In the first few days of his Administration, President Trump issued several Executive Orders.  Of particular note for the health care system and health centers was his first Executive Order, Minimizing the Economic Burden of the Patient Protection and Affordable Care Act Pending Repeal.  We have heard from many health center advocates who want to know how this action will affect their centers and their patients.
Let's look at what Executive Orders are and how this will impact the health care environment.
What is an Executive Order?
By definition, an Executive Order is “a rule or order issued by the president to an executive branch of the government and having the force of law.”   These have been used by almost every President and are often a way for the President to use his or her authority to outline and implement policies, without Congressional approval.  They are also used symbolically to send a message about a President's policy agenda or proclamations such as “National Health Center Week.”
What did this Executive Order do?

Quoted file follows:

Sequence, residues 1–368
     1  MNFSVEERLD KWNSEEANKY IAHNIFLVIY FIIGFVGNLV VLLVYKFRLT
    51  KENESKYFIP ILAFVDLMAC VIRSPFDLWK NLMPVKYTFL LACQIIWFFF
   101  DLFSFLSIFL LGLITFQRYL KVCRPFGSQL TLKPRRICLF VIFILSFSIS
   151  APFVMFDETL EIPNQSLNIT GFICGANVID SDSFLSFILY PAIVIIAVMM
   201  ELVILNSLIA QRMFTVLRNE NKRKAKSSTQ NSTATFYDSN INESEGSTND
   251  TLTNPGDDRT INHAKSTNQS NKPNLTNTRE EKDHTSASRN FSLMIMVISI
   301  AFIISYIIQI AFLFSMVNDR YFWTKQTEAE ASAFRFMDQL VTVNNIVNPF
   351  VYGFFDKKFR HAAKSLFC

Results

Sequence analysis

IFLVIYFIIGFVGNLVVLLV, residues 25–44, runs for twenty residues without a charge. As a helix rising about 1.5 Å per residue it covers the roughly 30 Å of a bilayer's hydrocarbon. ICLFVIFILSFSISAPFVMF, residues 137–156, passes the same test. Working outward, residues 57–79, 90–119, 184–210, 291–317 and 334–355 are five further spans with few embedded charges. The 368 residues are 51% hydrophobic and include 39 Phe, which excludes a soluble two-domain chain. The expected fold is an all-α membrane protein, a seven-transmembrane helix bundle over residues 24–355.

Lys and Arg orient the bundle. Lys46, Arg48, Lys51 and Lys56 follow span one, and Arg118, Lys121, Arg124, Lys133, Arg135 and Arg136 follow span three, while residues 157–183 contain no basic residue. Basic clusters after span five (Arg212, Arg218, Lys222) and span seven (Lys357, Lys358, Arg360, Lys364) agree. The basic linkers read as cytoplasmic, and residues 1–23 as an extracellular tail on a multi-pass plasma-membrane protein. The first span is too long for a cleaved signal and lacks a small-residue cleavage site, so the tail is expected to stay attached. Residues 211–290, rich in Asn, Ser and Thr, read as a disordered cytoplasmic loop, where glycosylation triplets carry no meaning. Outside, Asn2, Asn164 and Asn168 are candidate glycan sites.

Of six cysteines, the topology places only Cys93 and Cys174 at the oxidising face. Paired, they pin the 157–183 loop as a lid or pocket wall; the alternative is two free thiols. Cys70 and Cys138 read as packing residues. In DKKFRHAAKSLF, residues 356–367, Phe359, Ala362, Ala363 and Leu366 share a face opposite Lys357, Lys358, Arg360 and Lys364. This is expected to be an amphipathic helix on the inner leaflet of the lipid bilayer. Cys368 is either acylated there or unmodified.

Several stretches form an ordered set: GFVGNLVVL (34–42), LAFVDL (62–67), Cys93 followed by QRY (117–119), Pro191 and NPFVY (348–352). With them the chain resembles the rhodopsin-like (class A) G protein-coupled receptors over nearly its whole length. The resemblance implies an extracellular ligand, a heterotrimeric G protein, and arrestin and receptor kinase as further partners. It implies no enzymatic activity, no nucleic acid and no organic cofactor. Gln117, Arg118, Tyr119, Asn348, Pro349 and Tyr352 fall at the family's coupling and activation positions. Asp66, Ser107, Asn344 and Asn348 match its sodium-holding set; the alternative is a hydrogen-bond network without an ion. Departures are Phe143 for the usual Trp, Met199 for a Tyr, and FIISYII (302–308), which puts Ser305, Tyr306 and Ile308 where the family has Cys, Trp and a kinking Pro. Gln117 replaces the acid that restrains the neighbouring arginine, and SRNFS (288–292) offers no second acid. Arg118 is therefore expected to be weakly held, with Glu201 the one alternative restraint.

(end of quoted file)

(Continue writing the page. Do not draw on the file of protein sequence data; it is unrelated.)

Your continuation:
First and foremost, while the Executive Order does technically carry the weight of the law, it cannot and did not repeal the Affordable Care Act.  That cannot be done without Congressional action. The Executive Order stated that President Trump would like to see the “prompt repeal of the Affordable Care Act” and instructed Federal agencies, such as the Department of Health and Human Services, to the “economic burden” of the ACA while it waits for Congressional action. Specifically, the Executive Order instructed agencies to:
  • “take all actions consistent with law to minimize the unwarranted economic and economic burdens of the Act”
  • “waive defer, or grant exemptions from ACA requirements” and
  • grant states “greater flexibility in implementing health care programs”
The Order also states that agencies must follow proper rule-making procedure to change any regulations that are already in effect. What remains to be seen by all in Washington and across the country, is how the Administration follows through on these steps and what impact it will have on the health care environment.